Laurel Lucia, a policy analyst at Berkeley's Center for Labor Research and Education, is concerned that people who become unemployed after the Affordable Care Act takes effect in October may not understand all their healthcare options, and that ignorance could hurt them. “Particularly in the beginning, it could be common that people don't understand all their options,” she says, adding that the notice that workers receive informing them of their right to elect COBRA coverage may not make it clear that enrolling in that coverage will likely restrict enrollment in exchange plans. Full Story

6. FBI report: Violent crime up in Bay Area, California in 2012
Contra Costa Times (*requires registration)

Barry Krisberg, a senior fellow at Berkeley's law school, comments on a new FBI report showing that violent crime throughout California was up 3.3% in 2012. He doesn't believe the FBI data means much, and he notes that certain factors can skew statistics. "People are trying to make much out of a one-year trend. ... But there are so many problems in regards to the data." Full Story

7. The Best College for Every Major
Wall Street Journal Online (*requires registration)

The 2013-2014 College Salary Report by PayScale ranks schools producing the highest-earning graduates for each major. UC Berkeley ranks highest for computer science. Link to video. Link to the ranking at PayScale. Full Story

8. Berkeley cracks down on turning houses into mini-dorms
San Francisco Chronicle

The Berkeley City Council passed a law last week designed to crack down on single family homes in residential neighborhoods being remodeled into mini-dorms. The trend has been especially problematic in the environs of UC Berkeley, where students are challenged to find affordable housing. Berkeley senior Igor Akimenko, a typical resident of such a house, says of his enviable $540-per-month rent: "I don't even know how many people are living here - 14? - but there's a lot of common space. It's decent. ... Finding a place when you don't have to worry about money is easy, but if you have a small budget, it can be very difficult." Full Story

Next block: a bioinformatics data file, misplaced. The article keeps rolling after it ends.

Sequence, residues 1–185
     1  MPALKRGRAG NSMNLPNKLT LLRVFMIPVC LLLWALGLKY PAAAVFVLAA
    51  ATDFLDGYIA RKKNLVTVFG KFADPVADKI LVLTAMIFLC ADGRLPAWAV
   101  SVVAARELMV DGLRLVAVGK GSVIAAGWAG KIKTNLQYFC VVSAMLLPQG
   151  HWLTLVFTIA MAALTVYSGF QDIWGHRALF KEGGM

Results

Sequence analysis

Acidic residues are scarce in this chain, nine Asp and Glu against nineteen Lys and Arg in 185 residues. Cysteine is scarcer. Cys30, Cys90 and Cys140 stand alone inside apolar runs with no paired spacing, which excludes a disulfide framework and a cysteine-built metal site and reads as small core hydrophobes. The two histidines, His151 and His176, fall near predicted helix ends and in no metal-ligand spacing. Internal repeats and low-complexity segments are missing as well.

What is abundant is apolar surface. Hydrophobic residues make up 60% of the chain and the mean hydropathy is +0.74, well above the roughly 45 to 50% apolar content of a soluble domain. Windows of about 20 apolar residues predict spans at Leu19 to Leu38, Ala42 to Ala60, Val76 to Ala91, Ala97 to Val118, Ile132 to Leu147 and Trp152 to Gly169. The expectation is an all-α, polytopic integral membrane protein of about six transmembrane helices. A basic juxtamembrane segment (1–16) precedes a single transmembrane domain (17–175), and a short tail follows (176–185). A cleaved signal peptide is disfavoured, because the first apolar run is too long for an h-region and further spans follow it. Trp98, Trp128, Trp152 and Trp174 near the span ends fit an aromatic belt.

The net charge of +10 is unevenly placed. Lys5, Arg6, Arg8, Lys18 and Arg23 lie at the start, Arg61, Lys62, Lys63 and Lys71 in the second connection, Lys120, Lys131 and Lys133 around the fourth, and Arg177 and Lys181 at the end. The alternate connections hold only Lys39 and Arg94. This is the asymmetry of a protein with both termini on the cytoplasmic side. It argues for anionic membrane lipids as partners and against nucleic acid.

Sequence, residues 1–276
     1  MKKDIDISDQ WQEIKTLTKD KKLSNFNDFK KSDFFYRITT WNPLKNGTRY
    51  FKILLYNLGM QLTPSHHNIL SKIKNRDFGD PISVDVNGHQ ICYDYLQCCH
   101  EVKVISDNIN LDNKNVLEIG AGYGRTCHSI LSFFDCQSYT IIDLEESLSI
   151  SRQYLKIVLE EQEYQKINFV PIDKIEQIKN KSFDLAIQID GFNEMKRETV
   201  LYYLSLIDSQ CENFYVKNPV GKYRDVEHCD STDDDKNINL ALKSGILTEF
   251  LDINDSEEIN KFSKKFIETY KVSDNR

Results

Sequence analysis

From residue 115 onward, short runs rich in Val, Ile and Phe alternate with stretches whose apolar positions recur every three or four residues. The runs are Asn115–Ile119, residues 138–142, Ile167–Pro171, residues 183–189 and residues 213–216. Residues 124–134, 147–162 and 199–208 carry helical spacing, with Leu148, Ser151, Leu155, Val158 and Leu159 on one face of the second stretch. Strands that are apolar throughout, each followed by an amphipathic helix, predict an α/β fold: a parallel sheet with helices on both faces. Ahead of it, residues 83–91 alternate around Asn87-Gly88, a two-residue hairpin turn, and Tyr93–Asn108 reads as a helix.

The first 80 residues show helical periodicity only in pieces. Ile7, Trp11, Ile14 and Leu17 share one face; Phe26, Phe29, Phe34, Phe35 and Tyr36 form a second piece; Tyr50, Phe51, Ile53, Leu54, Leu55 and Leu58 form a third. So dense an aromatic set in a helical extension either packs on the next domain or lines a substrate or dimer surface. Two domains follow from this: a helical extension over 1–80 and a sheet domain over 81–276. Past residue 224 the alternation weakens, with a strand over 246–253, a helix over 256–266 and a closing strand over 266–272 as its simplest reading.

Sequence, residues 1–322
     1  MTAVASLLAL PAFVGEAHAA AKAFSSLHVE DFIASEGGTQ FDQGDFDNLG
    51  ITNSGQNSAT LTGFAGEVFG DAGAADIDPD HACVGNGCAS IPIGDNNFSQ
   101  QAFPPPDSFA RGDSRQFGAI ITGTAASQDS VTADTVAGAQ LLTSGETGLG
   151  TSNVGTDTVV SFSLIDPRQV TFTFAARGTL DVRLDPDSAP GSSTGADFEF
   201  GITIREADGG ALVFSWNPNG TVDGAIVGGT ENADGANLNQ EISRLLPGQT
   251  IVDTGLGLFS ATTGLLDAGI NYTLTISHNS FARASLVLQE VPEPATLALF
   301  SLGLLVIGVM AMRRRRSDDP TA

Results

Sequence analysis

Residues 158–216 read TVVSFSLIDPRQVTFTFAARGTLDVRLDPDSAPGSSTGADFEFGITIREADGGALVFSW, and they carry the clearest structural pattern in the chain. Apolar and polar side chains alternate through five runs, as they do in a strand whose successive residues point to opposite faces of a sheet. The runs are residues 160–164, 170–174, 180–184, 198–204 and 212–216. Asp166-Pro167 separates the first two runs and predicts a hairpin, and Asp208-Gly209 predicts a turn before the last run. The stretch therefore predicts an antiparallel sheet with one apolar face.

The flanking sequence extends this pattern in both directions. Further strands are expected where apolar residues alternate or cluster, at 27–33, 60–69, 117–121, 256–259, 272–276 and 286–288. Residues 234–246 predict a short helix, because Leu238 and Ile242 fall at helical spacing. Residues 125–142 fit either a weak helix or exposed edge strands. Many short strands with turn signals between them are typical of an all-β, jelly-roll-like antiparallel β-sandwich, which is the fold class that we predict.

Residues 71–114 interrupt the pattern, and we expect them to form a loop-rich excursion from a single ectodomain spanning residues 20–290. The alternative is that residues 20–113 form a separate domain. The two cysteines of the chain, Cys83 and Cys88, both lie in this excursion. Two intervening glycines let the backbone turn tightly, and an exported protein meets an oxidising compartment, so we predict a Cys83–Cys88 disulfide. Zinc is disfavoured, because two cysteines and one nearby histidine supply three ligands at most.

9. PBS series on Latino Americans is long overdue, they say
Sacramento Bee

"Latino Americans," a new three-part, six-hour series premieres tonight, September 17, on PBS stations. Featuring interviews with 100 Latinos, including Berkeley historian and ethnic studies professor David Montejano, the documentary will cover more than 500 years of history. “We’re trying to construct a history that has not been written,” Professor Montejano says in the first episode. “We had a blank slate that had to be recaptured, recovered.” Full Story

10. Book Review: Love and Math
Scientific American

A brief review of math professor Edward Frenkel's new book, Love and Math: The Heart of Hidden Reality (Basic Books, 2013), concludes: "Part ode, part autobiography, Love and Math is an admirable attempt to lay bare the beauty of numbers for all to see, even though some readers may balk at Frenkel's mentions of Kac-Moody algebras and of objects called hyperspheres." Full Story